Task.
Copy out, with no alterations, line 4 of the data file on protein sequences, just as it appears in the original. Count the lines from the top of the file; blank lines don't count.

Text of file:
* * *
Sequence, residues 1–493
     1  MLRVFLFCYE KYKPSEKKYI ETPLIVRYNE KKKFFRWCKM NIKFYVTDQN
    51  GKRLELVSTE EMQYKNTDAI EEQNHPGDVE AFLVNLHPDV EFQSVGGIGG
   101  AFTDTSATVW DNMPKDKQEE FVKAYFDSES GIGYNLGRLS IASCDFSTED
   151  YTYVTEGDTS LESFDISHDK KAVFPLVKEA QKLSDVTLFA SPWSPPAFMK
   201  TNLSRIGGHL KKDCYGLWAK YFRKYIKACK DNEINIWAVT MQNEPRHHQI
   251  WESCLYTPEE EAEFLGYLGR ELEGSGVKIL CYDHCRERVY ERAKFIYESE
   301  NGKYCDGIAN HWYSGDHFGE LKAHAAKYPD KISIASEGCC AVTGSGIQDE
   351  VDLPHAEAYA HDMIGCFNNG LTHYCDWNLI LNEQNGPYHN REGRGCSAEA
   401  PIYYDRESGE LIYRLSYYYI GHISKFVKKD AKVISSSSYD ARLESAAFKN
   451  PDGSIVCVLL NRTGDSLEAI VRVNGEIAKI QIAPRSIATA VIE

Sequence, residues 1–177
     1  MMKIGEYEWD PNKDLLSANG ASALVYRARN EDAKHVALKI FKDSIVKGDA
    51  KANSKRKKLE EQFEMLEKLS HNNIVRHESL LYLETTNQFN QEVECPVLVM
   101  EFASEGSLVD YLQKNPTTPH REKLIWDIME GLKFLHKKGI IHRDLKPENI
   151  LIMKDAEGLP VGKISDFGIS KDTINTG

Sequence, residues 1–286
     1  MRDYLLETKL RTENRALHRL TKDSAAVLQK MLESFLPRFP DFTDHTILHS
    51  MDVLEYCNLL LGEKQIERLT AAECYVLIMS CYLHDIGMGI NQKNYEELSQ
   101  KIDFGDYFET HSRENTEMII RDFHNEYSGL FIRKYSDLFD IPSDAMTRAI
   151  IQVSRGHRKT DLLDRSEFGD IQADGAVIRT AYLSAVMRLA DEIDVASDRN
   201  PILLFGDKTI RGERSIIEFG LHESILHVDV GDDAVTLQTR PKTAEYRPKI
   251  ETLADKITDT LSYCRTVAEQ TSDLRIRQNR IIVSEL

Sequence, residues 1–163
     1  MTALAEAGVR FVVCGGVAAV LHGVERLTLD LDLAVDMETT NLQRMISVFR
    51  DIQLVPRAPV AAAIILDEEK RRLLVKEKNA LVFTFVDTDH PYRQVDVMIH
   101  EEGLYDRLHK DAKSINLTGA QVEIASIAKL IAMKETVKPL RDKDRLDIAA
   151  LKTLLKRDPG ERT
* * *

   101  AFTDTSATVW DNMPKDKQEE FVKAYFDSES GIGYNLGRLS IASCDFSTED